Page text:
Tuesday, May 24, 2011

Editing Tip: Four Ways to Edit Your Own Work

Editing my own writing is by far the hardest editing I do; it's so much easier to fill in missing words or accept muddy ideas in my writing because I already know what I'm trying to say—I don't have to figure it out from only what's on paper. So to make sure my writing says exactly what's in my head, I usually do one of the following.

  1. Reread, reread, and reread. To effectively edit your own writing, you should take the time to read through it several times. Try looking for different, specific types of errors each read-through. Focus on sentence structure one time, word use the next, and spelling and punctuation the next.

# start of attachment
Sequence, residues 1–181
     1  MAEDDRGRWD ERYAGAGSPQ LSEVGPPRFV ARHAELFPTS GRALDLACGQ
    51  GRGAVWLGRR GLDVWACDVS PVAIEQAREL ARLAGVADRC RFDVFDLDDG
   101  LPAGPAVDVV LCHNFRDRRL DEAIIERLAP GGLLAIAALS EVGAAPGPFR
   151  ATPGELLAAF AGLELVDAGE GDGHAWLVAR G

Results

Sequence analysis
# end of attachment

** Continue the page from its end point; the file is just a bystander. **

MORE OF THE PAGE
2. Edit a hard copy. It's incredible what a difference it makes in how effective your editing can be  to see what you wrote on a piece of paper. Print out your document and read it to catch errors you might have missed on the computer.
  3. Take a break and read it again. Sometimes the best way to edit your work is to take a break from it. This allows your brain to rest and gives you the ability to approach your piece in a fresh way. How you write and what you write often depends on your mood and surroundings; changing it up by taking a break can do wonders on identifying errors. 
  4. Have someone else read it. This isn't really editing your own work, but it can be very helpful! Have a friend or someone who is good at the technicalities of writing read through it to see if he or she can pinpoint errors you missed.
I don't always use all these tips to edit my own work, but even using one of them can help you be a better writer. If you're still not satisfied with your piece—or you really want to go that extra mile to "perfection"—you can always get a professional to look at your work. Contact me for a quote!

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